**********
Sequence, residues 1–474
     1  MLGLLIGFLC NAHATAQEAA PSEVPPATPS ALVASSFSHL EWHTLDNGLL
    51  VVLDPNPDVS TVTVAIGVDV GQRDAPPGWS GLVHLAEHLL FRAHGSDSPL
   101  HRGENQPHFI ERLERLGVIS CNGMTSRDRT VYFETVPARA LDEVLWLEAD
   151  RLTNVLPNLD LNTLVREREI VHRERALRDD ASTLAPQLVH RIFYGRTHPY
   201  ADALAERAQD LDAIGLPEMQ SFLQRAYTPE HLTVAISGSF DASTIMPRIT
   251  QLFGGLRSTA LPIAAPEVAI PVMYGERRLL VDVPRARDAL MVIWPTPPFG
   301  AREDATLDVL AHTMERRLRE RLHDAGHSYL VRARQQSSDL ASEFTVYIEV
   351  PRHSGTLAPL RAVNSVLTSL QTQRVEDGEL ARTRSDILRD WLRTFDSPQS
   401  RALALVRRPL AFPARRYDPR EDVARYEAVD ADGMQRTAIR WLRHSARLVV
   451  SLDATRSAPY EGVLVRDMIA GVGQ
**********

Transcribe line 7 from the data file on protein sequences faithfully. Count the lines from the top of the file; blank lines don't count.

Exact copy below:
   251  QLFGGLRSTA LPIAAPEVAI PVMYGERRLL VDVPRARDAL MVIWPTPPFG